Funny Puppy Stories: The “Laugh” in Love, Laugh, Woof
by Lynn Stacy-Smith
The Laugh in Love, Laugh, Woof is all about including laughter and fun in your life with your dog. Whether it is laughing at the funny things dogs do, understanding that dogs enjoy the sound of our laughter and realize it is a fun and happy sound, or wryly laughing at something naughty or frustrating that your dog has done, laughing is important in life and with dogs.
Sometimes laughter falls into the category best described by my favorite songwriter Bruce Springsteen, like the lyric from Rosalita that says, “someday we’ll look back on this and it will all seem funny.” Stories like the one I wrote about earlier this week in The Big Black Dog and the Cherry Tree fall into this category. That day was terrifying and stressful when it happened, but now I can tell it with a type of self-deprecating humor about how I tore the cherry tree right out of the ground and whisked Jax off to the vet only to later learn that it wasn’t the harmful type of cherry tree, as well with some laughter about what a naughty puppy Jackson often was when he was little.
As we continue our theme of puppies for the next week, here are two of my favorite puppy stories from each of my dogs.
Jax Mistakes Inside for Outside
Jackson came home to us on May 5, 2011, and like most summers in the Midwest the temperatures stayed consistently in the 80s and 90s from Memorial Day until after Labor Day. Because we have zero shade trees and it feels like we are living on the sun, our air conditioning runs pretty much non-stop. The front of our house gets so hot for most of the day that you literally cannot touch the metal door knob without burning yourself and I’m afraid to hang a decorative wreath for fear of it combusting! As a result, virtually all of Jackson’s first four months with us were spent with the windows closed and the lined drapes in the front of the house closed to help keep the house cool.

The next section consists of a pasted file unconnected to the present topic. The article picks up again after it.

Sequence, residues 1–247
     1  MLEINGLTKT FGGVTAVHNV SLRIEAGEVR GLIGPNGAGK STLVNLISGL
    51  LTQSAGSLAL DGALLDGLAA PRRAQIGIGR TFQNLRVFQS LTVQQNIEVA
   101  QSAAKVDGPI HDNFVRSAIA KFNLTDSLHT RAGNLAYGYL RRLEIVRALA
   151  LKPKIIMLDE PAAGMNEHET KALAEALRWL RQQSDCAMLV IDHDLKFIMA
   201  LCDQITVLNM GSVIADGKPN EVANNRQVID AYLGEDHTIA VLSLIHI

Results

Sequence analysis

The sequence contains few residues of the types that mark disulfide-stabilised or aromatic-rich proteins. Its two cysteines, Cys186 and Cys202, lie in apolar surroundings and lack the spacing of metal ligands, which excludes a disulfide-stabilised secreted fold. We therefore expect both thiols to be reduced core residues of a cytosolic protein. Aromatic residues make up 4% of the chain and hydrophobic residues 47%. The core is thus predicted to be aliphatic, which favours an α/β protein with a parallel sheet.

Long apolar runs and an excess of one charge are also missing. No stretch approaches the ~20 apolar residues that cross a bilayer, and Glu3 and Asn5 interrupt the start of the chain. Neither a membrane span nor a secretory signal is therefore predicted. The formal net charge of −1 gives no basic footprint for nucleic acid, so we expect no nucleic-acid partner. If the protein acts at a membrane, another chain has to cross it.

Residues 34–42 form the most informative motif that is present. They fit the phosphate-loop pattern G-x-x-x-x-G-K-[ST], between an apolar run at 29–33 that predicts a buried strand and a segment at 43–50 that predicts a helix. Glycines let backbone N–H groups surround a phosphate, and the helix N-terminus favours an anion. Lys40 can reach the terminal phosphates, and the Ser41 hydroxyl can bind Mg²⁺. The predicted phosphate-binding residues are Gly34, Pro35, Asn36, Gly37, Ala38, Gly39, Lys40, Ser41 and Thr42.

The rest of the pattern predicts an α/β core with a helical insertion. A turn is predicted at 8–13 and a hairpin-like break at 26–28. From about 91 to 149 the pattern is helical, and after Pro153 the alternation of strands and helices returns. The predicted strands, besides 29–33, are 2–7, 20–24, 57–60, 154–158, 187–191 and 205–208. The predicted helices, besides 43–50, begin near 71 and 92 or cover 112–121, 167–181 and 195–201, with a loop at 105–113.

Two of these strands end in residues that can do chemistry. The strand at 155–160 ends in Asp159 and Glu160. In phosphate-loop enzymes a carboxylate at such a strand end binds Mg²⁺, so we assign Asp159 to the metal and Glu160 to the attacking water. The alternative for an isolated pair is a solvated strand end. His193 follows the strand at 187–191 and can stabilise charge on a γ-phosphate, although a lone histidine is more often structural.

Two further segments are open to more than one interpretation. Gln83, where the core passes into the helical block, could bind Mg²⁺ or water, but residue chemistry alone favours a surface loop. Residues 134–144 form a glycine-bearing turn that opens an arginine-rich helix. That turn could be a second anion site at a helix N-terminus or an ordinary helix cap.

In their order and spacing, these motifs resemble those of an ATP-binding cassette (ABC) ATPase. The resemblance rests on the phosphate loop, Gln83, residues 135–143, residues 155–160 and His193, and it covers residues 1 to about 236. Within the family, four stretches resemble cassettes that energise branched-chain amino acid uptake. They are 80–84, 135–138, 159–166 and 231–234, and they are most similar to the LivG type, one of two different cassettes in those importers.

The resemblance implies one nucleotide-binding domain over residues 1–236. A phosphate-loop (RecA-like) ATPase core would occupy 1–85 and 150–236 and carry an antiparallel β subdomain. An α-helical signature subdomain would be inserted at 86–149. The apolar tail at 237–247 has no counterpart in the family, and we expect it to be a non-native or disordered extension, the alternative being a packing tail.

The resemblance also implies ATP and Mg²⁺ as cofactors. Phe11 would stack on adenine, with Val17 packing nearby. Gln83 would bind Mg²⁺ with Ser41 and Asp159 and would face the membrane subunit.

As we headed into fall that first year of his life, Jackson was 100% house trained. In fact he had not had an accident for about two months, a major accomplishment that we are actually going to talk about in my next blog. As a fully house trained dog I no longer followed him around watching to see if he would squat, and he had not yet started to lift his leg. We were keeping him intact until his first birthday for health considerations and thankfully he did not have any obnoxious boy dog behavior yet.
On the first day that the temperatures dropped we turned off the air conditioning and opened all of the windows. In the front room of our house we have large picture windows that are quite low to the floor.
That afternoon I was sitting in the front room reading a magazine and Jax started to explore the world through the picture windows, his black nose pushed up against the screen while he sniffed the outside air. I watched and smiled as he moved along the length of the window, pausing periodically to sniff some more. “Whatcha smelling, sweet boy, do you like having the windows open?” I asked him and he wagged his tail in response, nose still smushed up against the screen.
My warm fuzzy feeling came to a screeching halt when he got to the bushes at the far side of the window. They were planted outside but tall enough that they actually touched the screen and he sniffed with great interest before squatting and peeing a little right where he stood sniffing.
“NO!” I exclaimed loudly and told him, “Outside, outside!” I grabbed his leash and snapped it onto his collar and took him out the front door, praising him heartily as he finished urinating near the same bush only outside the house.
Once inside he watched with great interest as I sopped up the pee with paper towels and then squirted it heavily with a mixture of white vinegar and water. I pointed to the violated area and calmly said, “no” while his eyes searched my face as if he understood. I didn’t say another word, not wanting to do anything to accidentally reinforce this behavior.